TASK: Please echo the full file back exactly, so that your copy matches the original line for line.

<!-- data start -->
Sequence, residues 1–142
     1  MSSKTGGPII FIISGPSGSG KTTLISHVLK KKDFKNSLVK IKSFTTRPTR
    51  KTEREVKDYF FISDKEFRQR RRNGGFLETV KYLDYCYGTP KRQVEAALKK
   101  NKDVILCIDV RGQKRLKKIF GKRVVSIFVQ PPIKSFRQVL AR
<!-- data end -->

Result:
Sequence, residues 1–142
     1  MSSKTGGPII FIISGPSGSG KTTLISHVLK KKDFKNSLVK IKSFTTRPTR
    51  KTEREVKDYF FISDKEFRQR RRNGGFLETV KYLDYCYGTP KRQVEAALKK
   101  NKDVILCIDV RGQKRLKKIF GKRVVSIFVQ PPIKSFRQVL AR